GeoConnexion (Geo): At Autodesk University 2016, Hexagon unveiled the Leica Geosystems BLK360 portable imaging laser scanner. Its diminutive size, minimalist design, high performance and attractive price proved a game-changer in 3D reality capture, and it went on to garner a clutch of industry awards. At the time, Juergen Dold President GSI, Hexagon AB, promised a string of further innovations under the BLK banner. Have you managed to keep that promise?
Burkhard Boeckem (BB). We’re certainly on track having, since then, launched a trio of BLK hardware devices: the hand-held BLK3D imaging scanner for real-time, in-picture 3D measurement at the end of 2018; and, at last year’s HxGN LIVE conference in Las Vegas, the BLK247, a LIDAR and multispectral camera fused sensor, as well as the BLK2GO wireless handheld imaging laser scanner. We finished the year by launching a web portal for users to share BLK3D pictures, for collaboration and in picture measurements.
Geo: That’s a pretty impressive achievement by anyone’s standard and, of course, the BLK3D and BLK2GO have gone on to win awards in their own right, with the latter having scooped the Best of Innovation Award at CES 2020 in Las Vegas. Presumably all this innovation is backed by a large and dedicated design team?
BB: Quite the reverse. In fact, the BLK design team is a small agile team, but one that is incredibly talented.
Geo: Many of these products exploit the LiDAR technology used so successfully in the BLK360. Does this continue in further development?
BB: Most certainly, and an example can be found in the BLK2GO where our design brief was to engineer a LiDAR sensor that was smaller, faster and fully protected for mobile use. The result is a Class 1 LiDAR that has been miniaturised. Scan speed has received a boost, the new sensor capturing data at a rate of 420,000 points per second.This enables the user to walk quite quickly when scanning, with a full 360o of freedom in the horizontal plane, and gives a new and unique view of the point cloud.
Geo: Can you say something about the optical cameras used in the BLK2GO?
BB: We use a 12MP camera with a rolling shutter to capture detail in high resolution. Its functions can be remotely adjusted by the user via the BLK2GO’s WiFi or USB-C 3 link, e.g., to automatically capture panoramic images at set distances or to add special annotations. There are also three small but powerful cameras hidden in the shaft that perform visual navigation via SLAM (Simultaneous Localisation And Mapping) functions and have global shutters so they are pixel-synchronous while the BLK2GO is on the move. And while SLAM would not normally be used for point cloud colourisation, we have also included this option.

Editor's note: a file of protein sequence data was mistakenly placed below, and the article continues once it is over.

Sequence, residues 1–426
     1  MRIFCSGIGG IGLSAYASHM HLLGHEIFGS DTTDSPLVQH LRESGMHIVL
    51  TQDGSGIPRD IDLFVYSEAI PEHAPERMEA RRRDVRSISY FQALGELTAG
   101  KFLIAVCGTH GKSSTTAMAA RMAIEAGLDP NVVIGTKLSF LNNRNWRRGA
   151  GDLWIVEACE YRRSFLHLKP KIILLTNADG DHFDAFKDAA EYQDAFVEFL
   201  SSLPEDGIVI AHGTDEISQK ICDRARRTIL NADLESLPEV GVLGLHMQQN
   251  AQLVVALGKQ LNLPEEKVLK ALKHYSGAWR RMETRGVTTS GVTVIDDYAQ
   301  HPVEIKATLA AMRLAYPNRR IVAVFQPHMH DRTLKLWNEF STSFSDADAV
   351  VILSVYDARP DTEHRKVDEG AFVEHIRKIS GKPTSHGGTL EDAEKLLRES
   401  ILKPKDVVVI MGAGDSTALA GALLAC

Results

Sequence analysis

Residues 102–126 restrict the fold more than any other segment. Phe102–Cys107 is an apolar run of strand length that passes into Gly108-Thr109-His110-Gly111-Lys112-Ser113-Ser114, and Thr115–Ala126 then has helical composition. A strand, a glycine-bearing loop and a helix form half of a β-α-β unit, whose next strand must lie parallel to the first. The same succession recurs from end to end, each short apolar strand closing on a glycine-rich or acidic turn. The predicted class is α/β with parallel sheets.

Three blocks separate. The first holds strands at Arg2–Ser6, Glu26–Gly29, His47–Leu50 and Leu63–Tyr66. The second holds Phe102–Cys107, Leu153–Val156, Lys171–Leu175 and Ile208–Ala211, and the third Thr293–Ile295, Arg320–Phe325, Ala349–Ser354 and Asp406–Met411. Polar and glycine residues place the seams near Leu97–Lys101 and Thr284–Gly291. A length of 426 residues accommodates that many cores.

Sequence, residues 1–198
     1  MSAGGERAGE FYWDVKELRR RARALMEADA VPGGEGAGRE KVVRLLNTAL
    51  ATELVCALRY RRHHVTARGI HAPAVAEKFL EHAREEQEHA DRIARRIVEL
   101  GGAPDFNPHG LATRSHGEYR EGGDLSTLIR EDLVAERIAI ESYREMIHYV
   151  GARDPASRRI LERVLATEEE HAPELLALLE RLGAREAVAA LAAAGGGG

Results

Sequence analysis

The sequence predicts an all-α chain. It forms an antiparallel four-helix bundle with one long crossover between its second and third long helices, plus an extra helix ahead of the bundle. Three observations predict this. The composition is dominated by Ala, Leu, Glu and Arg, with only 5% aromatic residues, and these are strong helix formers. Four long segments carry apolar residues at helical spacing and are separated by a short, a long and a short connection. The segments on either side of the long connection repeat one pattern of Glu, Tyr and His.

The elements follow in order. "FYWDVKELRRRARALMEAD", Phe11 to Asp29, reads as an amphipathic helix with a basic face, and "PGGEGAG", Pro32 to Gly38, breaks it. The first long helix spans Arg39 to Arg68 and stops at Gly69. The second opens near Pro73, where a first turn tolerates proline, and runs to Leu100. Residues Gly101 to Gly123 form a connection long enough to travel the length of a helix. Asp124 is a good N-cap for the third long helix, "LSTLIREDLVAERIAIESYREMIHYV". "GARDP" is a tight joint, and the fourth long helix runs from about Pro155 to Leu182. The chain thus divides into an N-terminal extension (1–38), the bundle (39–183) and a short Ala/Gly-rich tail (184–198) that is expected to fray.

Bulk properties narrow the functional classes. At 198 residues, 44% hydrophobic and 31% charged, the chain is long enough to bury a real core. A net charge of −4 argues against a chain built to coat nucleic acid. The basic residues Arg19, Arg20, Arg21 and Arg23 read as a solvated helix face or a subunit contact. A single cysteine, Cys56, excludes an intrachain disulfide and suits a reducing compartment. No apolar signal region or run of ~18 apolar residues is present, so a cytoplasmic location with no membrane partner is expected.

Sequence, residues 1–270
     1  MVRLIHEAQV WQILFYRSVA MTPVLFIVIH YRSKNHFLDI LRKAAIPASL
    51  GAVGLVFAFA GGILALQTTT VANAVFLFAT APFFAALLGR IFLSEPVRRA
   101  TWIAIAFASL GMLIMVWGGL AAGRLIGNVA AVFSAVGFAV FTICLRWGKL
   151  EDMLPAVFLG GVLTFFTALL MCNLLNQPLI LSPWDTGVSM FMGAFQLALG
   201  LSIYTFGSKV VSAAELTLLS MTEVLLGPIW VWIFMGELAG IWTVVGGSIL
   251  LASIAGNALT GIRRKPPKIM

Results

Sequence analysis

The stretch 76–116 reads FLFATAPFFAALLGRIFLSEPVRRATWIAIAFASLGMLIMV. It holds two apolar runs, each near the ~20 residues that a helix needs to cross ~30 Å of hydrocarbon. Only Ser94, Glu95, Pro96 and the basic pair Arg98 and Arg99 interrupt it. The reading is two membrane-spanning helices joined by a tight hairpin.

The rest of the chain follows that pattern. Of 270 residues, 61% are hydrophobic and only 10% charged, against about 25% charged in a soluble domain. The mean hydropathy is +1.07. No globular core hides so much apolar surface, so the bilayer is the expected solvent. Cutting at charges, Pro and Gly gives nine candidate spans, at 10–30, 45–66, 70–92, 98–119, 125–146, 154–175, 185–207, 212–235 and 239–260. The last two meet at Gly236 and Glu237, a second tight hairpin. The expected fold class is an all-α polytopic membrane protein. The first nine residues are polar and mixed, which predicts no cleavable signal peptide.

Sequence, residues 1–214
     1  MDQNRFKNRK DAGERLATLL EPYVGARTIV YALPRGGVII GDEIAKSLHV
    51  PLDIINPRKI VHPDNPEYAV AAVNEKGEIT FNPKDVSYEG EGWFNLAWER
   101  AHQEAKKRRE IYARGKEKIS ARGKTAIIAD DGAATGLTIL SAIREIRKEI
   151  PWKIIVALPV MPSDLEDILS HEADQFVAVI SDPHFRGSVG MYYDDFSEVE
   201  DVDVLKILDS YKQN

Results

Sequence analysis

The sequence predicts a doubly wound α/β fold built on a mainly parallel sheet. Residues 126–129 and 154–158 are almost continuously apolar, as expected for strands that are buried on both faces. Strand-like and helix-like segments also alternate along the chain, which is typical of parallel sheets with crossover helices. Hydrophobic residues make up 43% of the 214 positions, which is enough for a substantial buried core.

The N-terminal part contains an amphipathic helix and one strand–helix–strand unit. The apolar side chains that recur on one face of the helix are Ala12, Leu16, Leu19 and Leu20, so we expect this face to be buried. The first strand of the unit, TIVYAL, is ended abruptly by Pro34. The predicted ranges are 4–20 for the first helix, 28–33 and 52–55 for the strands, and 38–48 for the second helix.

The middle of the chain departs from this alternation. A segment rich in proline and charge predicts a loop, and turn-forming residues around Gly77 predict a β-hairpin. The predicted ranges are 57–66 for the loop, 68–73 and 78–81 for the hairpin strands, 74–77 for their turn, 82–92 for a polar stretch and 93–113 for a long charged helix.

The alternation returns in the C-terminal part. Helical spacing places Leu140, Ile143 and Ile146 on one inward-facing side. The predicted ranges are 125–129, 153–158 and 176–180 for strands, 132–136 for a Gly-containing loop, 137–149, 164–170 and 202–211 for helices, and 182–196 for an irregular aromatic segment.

Geo: The BLK247 is interesting in that it integrates optical, thermal and LiDAR sensors to detect any intrusion into a geofence that has been defined around a structure or asset. Can you elaborate on this?
BB: Yes, the BLK247 employs sensor fusion technology to pull in imagery and LiDAR data, as well as AI-driven LiDAR techniques to detect change and discriminate between still and moving objects. Also, by using Artificial Intelligence at the edge we’re able to perform all processing functions internally on the device.
Geo: As well as its use as a security measure, can you see its potential being applied elsewhere?
BB: Absolutely. For example, it has already been trialled as a safety aid to detect people and animals that stray into, for example, metro tunnels.
Geo: Edge computing means different things to different people but seems to feature more and more in your products. What do you see as the key benefits of this approach?
BB: Working on the edge of the cloud offers the advantages of real-time data processing and low latency and we’ve exploited these to imbue our devices with ever greater intelligence. For example, with the BLK2GO, we employ what we call GRANDSLAM technology. This combines a two-axis LiDAR with visual SLAM and an Inertial Measurement Unit (IMU). Thanks to this, the device knows where it is and where it has been in space. When used with the associated BLK2GO Live app for iPhone, it will accurately follow a user’s trajectory while scanning and provide live 2D and 3D feedback.
Geo: On the topic of software, what desktop applications are recommended for the BLK2GO?
BB: On this project, we sought to achieve a seamless interface with our Cyclone REGISTER 360 package. The result is a BLK edition that provides a seamless and simple-to-use interface, much like that used for the RTC360 3D laser scanner.
Geo: What are the chances of miniaturising and democratising airborne LiDAR sensors such as Leica’s SPL100 for reality capture?
BB: The idea is there, but the challenge of reality capture from a height of several kilometres remains formidable. We are currently midway through a forestry project that is pushing the boundaries of what can be achieved, but a BLK-type airborne LiDAR is still a long way off.
Geo: Coming back down to earth, can we look forward to the introduction of even more terrestrial products under the BLK banner?
BB: We will certainly be keeping our promise to launch further hardware and, as importantly, to deliver improved software and achieve closer integration with other products. As part of this, we demonstrated a new cloud-based visualisation platform at January’s CES 2020 event in Las Vegas. Known as HxDR, the platform offers a seamless drag-and-drop way to import and fuse airborne imagery, laser scans, indoor and outdoor terrestrial scan data and mobile mapping data. The result? An accurate digital representation of the real world that can be shared with professionals across many disciplines. It’s all about connecting the dots, both between technologies and between people.